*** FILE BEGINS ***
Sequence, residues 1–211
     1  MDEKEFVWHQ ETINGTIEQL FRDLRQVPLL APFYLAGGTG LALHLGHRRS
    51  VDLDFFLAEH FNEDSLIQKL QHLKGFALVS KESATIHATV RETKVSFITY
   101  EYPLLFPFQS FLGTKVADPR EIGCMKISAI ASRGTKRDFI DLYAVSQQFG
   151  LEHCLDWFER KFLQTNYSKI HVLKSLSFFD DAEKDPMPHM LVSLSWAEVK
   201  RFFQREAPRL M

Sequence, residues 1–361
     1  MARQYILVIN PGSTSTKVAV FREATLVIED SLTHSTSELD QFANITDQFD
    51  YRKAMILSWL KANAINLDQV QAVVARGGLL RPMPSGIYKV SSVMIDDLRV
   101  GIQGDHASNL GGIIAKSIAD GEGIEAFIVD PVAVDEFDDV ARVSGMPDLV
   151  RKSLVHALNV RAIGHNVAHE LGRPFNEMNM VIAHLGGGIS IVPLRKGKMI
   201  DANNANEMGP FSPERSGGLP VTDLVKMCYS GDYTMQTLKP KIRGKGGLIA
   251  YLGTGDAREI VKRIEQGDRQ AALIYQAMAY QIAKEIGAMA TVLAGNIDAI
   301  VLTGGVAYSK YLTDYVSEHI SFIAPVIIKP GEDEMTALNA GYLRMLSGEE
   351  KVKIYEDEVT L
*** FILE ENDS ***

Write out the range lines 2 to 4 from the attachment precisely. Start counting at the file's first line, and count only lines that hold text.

     1  MDEKEFVWHQ ETINGTIEQL FRDLRQVPLL APFYLAGGTG LALHLGHRRS
    51  VDLDFFLAEH FNEDSLIQKL QHLKGFALVS KESATIHATV RETKVSFITY
   101  EYPLLFPFQS FLGTKVADPR EIGCMKISAI ASRGTKRDFI DLYAVSQQFG